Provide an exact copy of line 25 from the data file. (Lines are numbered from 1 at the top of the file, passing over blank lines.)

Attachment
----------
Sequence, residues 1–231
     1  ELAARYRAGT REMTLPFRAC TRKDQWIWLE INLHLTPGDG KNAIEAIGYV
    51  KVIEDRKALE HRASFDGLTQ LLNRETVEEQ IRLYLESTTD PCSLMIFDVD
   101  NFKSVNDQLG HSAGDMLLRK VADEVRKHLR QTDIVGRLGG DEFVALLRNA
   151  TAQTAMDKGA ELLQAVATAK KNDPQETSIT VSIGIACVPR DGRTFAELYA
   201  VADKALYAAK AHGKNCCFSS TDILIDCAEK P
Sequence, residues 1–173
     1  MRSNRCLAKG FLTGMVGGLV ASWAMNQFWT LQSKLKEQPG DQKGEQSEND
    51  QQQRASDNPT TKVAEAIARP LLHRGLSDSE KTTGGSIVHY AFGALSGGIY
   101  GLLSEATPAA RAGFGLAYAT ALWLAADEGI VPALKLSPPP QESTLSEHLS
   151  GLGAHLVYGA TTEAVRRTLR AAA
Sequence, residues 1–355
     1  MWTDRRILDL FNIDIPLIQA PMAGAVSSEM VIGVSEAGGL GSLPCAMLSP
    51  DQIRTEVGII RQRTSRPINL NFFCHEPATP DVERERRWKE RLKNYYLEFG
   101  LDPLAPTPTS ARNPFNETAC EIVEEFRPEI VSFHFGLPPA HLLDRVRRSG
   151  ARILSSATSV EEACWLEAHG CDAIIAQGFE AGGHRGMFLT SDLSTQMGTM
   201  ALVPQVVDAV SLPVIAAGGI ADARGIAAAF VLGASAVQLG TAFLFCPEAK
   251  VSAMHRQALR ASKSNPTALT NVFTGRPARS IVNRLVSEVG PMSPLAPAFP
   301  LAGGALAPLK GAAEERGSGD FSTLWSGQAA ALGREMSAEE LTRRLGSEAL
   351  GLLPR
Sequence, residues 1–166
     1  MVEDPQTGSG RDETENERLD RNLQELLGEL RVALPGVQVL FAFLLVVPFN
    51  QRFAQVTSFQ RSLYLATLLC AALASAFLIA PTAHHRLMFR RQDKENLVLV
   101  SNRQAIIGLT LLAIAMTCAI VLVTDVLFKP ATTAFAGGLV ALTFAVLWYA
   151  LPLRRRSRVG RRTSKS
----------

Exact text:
   151  LPLRRRSRVG RRTSKS